By Joseph Muller
Unlike many U.S. military veterans who served in Southeast Asia during the 1960s, Fernando Rodriguez did not see a Vietnamese battlefield, even though he volunteered to fight more than once.
The closest that the Defense Intelligence Agency veteran got to the Southeast Asian nation was Nakhon Phanom, in Thailand, as part of the many international travels he made during a distinguished 26-year career in the Air Force.
"I did really want to go," said Rodriguez of going to the Vietnam War, "to see what it was all about."
Fernando was born in El Paso to Ysabel and Jovita Rodriguez, immigrants from Mexico. He recalled that, when he was growing up, his family appeared to be poorer than that of his friends.
"We didn't have all the luxuries that a lot of other people used to have," Rodriguez said.
Ysabel worked for Union Pacific and as an inspector at a Phelps Dodge Refinery when Fernando and his two brothers were young.
"[He] made good money, but didn't know how to manage it. He was a big spender," said Rodriguez.
To cope with this, Rodriguez and his brothers looked for any source of income they could find: picking cotton in the fields, collecting scrap iron, doing yard work and other odd jobs.
"Every penny we earned, it was a hard-earned penny," Rodriguez said.
Rodriguez said his family's economic predicament--and the language barrier, which prevented his parents from being more involved in their children's education in U.S. schools--never inhibited his desire to further his career prospects.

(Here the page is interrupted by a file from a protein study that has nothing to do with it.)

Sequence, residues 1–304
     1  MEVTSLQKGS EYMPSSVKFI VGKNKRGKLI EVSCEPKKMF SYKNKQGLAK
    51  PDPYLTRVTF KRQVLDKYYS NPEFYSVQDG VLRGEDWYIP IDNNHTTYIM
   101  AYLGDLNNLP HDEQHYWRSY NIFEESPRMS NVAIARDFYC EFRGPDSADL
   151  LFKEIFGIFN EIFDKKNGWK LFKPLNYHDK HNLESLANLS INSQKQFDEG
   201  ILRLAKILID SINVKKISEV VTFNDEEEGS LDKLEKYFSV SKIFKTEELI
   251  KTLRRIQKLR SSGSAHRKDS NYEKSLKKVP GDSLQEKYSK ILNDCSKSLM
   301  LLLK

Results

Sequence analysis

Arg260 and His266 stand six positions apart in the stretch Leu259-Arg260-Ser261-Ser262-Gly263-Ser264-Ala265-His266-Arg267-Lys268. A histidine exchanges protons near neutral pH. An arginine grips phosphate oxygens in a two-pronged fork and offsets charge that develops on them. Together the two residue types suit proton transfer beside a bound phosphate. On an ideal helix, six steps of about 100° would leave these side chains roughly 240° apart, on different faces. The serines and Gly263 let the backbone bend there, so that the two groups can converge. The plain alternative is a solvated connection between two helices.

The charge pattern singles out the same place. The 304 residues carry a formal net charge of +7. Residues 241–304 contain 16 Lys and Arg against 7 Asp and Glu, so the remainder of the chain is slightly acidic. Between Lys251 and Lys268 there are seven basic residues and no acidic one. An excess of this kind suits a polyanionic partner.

"I didn't have any options," Rodriguez said. "I knew I wasn't going to go to college because there was no money."
He realized, however, that he could further his education by joining the Air Force. After graduating from Thomas Jefferson High School, Rodriguez enlisted in the Air Force at Alamogordo, New Mexico, on February 4, 1957. He was then sent to Lackland Air Force Base in San Antonio, for six weeks of basic training.
As a member of the 49th Tactical Fighter Wing (TAC), Rodriguez spent the following years traveling the world, stationed in places as diverse as South Carolina, Saudi Arabia, Germany, Colorado, Illinois, Missouri, Thailand, California and New Mexico.
Up until his time in Nakhon Phanom - just across the Mekong River from Laos -- Rodriguez worked for the Defense Intelligence Agency (DIA). He said that this duty was classified.
In recognition of his outstanding service, on July 26, 1972, Rodriguez was awarded the Meritorious Service Medal, the highest recognition awarded for military personnel involved in a non-combat area.
After a long and fruitful career, Master Sgt. Rodriguez retired from the Air Force on Feb. 28, 1985 at Holloman Air Force Base, New Mexico. At the time of his interview, he lived in his El Paso with his wife, Gloria Lerma Rodriguez.
When asked if he has any advice for young people, Rodriguez said, "Education first. Graduate from high school, then join the Air Force. There's a lot of opportunities in the Air Force."
Mr. Rodriguez was interviewed by his daughter-in-law, Maggie Rivas-Rodriguez in Austin, Texas, on Nov. 29, 2009.